But let's get to the point. Are you really so stupid that you haven't noticed the theme of this blog? Even though it's staring you in front of your face every time you visit the page? It's the intersection of Native American and pop culture, dumbass--not the comprehensive reporting of racism, oppression, and terrorism around the world.
I post items on Israel only when they have a Native connection, dumbass. How many articles on Iran, Saudi Arabia, Cuba, etc. have a Native connection, and how many of them have I omitted? Go ahead and answer these questions, dumbass. Put up or shut up.
Stephen cites WND
The fact simply is that there are no Palestinians. These people are Arabs like all other Arabs, and they happen to live in a region called Palestine. They are not a separate people.
Because I've used a word commonly found in political negotiations, the media, and the dictionary, Stephen concludes I'm ignorant:
In March 2006 Republican Colorado State Representative Jim Welker was criticized for forwarding a WorldNetDaily commentary by Jesse Lee Peterson. Congressmen criticized Welker for uncritically sending a copy of the article by email, which included the statements "President Bush is not to blame for the rampant immorality of blacks" and accused "welfare-pampered blacks" of waiting for the federal government to save them from Hurricane Katrina.
On September 13, 2001, WND published a commentary by Anthony C. LoBaido regarding the terrorist attacks on New York City and Washington two days earlier. In his column, LoBaido outlined what he regarded as the moral depravity of America in general and New York in particular, asking whether, "God (has) raised up Shiite Islam as a sword against America."
A commentary by Canadian evangelical Tristan Emmanuel decried so called "Anglo-Saxon self-hatred" in Canada and the United States, and used "warring factions" of third world immigrants as a base against multiculturalism in order to suggest a whites-only immigration policy for North America.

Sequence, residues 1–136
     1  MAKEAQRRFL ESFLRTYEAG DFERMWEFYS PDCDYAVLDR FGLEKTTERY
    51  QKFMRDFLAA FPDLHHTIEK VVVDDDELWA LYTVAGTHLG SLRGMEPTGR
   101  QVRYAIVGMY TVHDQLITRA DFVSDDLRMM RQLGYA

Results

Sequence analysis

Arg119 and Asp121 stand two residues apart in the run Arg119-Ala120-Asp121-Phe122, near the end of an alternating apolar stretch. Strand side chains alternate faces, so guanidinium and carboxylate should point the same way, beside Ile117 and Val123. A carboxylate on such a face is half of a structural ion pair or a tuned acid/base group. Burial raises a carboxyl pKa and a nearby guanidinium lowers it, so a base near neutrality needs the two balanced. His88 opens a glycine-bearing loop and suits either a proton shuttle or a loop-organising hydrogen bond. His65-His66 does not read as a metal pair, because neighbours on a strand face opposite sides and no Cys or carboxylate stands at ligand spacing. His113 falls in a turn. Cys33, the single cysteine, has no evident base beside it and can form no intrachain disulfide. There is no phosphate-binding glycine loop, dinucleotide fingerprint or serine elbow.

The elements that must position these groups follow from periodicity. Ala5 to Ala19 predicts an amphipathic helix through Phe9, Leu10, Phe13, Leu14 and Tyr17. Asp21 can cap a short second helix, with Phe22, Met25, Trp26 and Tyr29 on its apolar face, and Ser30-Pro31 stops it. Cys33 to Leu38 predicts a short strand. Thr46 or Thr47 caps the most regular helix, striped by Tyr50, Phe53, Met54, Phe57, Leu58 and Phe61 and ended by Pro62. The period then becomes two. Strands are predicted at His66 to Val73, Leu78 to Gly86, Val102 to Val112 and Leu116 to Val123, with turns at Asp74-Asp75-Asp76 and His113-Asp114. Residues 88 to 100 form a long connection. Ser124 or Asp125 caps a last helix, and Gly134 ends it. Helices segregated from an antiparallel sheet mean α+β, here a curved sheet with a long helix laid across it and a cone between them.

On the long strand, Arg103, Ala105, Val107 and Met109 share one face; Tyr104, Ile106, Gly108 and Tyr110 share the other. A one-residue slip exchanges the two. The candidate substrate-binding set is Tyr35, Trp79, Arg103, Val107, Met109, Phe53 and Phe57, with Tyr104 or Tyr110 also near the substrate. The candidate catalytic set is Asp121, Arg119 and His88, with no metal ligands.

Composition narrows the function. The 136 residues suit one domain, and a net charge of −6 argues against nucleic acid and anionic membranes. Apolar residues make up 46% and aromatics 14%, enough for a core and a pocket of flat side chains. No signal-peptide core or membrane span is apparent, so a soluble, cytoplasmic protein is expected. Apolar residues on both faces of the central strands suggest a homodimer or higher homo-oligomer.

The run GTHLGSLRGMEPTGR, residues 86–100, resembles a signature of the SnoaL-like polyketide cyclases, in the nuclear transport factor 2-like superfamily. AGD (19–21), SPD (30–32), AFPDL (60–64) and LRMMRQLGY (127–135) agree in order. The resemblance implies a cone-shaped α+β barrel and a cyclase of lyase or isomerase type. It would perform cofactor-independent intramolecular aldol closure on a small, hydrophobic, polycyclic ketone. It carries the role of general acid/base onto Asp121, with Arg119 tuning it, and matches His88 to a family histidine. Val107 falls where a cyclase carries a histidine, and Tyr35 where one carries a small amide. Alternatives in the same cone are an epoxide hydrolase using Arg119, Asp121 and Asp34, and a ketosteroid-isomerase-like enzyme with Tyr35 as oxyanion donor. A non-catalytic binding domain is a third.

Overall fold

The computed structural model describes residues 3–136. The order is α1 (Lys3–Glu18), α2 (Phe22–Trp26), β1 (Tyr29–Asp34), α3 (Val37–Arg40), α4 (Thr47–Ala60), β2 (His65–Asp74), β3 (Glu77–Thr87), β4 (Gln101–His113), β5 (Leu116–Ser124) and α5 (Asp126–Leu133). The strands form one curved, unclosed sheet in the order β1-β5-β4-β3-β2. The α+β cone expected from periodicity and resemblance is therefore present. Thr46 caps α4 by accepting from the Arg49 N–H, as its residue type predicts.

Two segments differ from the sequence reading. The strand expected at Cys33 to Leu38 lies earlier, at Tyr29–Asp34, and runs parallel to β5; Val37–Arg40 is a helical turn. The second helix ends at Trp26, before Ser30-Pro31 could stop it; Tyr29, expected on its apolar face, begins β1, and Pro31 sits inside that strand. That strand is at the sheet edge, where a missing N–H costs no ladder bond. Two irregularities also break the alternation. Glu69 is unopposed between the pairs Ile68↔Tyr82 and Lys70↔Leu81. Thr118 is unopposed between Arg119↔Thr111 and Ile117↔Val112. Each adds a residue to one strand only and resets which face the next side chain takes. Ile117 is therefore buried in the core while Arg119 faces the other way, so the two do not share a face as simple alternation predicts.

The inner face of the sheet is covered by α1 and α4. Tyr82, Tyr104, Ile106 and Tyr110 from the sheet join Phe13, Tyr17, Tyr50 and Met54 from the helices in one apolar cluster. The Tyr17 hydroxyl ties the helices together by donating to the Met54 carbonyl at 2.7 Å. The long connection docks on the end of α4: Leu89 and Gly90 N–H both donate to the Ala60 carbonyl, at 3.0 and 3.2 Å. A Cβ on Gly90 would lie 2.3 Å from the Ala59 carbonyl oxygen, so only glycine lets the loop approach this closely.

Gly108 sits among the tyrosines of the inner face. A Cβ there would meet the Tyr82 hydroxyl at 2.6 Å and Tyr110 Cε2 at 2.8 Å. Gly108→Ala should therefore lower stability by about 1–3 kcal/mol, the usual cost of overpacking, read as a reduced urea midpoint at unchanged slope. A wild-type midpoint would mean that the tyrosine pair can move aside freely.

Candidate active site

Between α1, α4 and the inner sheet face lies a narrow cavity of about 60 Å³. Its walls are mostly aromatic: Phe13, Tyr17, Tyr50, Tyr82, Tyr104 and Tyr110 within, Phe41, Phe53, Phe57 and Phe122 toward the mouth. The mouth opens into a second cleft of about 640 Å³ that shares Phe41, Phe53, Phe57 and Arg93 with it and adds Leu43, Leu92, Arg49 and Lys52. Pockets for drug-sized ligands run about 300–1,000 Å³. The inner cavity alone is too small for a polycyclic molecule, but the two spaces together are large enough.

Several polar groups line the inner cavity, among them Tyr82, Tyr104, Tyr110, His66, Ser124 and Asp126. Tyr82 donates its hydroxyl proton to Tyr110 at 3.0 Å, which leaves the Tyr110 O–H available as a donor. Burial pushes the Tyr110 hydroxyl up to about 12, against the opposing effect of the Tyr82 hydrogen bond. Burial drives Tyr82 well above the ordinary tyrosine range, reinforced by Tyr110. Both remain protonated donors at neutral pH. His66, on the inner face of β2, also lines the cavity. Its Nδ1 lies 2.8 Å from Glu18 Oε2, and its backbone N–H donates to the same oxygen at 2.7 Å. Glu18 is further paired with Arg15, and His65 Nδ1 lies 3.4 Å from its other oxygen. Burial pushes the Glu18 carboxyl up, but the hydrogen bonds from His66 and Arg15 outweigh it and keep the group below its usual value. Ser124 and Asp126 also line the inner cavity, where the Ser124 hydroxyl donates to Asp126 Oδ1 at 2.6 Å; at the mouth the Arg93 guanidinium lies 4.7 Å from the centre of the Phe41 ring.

During the closing days of the 2008 presidential campaign, and in the weeks following Barack Obama's election as president of the United States, WorldNetDaily posted numerous articles that advanced conspiracy theories about his citizenship status, alleging he is not constitutionally eligible to be president because he is not a natural-born citizen and that his Hawaiian birth certificate is a forgery
In a February 10, 2009, column, Janet Porter further alleged that President Obama was acting as a mole for the Soviet Union. Porter suggested that Obama was raised as an atheist and Communist and was subsequently trained by Soviet agents during the early 1990s.
On to the Palestinian "myth"
But wait...there's more. Here's how much of an idiot you are, Stephen:
This point also encompasses the Indian nations in the United States and Canada. Although they had an inherent right to govern themselves, I doubt many of them considered themselves nations akin to Great Britain, Russia, or China. Now they do.
Since you think I'm ignorant, you can read some of what I know about Palestinians below. Maybe you won't sound so ignorant the next time you open your mouth.
Baruch Kimmerling and Joel S. Migdal consider the 1834 revolt of the Arabs in Palestine as constituting the first formative event of the Palestinian people. Under the Ottomans, Palestine's Arab population mostly saw themselves as Ottoman subjects. In the 1830s however, Palestine was occupied by the Egyptian vassal of the Ottomans, Muhammad Ali and his son Ibrahim Pasha. The revolt was precipitated by popular resistance against heavy demands for conscripts, as peasants were well aware that conscription was little more than a death sentence. Starting in May 1834 the rebels took many cities, among them Jerusalem, Hebron and Nablus. In response, Ibrahim Pasha sent in an army, finally defeating the last rebels on 4 August in Hebron. Nevertheless, Benny Morris argues that the Arabs in Palestine remained part of a larger Pan-Islamist or Pan-Arab national movement.
Rashid Khalidi argues that the modern national identity of Palestinians has its roots in nationalist discourses that emerged among the peoples of the Ottoman empire in the late 19th century, and which sharpened following the demarcation of modern nation-state boundaries in the Middle East after World War I. Khalidi also states that although the challenge posed by Zionism played a role in shaping this identity, that "it is a serious mistake to suggest that Palestinian identity emerged mainly as a response to Zionism."
Historian James L. Gelvin argues that Palestinian nationalism was a direct reaction to Zionism. In his book The Israel-Palestine Conflict: One Hundred Years of War he states that "Palestinian nationalism emerged during the interwar period in response to Zionist immigration and settlement." Gelvin argues that this fact does not make the Palestinian identity any less legitimate:
For more on the subject, see The Indian-Palestinian Connection.
Below: Palestinians dress as (stereotypical) Indians because they both seek their sovereign rights.